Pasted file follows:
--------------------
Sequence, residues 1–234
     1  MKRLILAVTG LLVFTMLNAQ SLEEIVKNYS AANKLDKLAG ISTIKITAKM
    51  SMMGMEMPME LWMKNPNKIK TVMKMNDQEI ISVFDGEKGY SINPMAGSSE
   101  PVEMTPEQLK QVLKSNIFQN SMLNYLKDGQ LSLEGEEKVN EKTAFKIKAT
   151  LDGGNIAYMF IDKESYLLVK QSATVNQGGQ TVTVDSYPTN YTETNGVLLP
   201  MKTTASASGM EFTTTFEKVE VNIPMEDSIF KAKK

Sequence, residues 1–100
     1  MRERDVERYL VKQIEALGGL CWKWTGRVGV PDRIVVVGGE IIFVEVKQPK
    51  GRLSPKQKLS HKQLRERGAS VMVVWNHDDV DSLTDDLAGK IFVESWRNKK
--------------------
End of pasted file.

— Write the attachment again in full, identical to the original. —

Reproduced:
Sequence, residues 1–234
     1  MKRLILAVTG LLVFTMLNAQ SLEEIVKNYS AANKLDKLAG ISTIKITAKM
    51  SMMGMEMPME LWMKNPNKIK TVMKMNDQEI ISVFDGEKGY SINPMAGSSE
   101  PVEMTPEQLK QVLKSNIFQN SMLNYLKDGQ LSLEGEEKVN EKTAFKIKAT
   151  LDGGNIAYMF IDKESYLLVK QSATVNQGGQ TVTVDSYPTN YTETNGVLLP
   201  MKTTASASGM EFTTTFEKVE VNIPMEDSIF KAKK

Sequence, residues 1–100
     1  MRERDVERYL VKQIEALGGL CWKWTGRVGV PDRIVVVGGE IIFVEVKQPK
    51  GRLSPKQKLS HKQLRERGAS VMVVWNHDDV DSLTDDLAGK IFVESWRNKK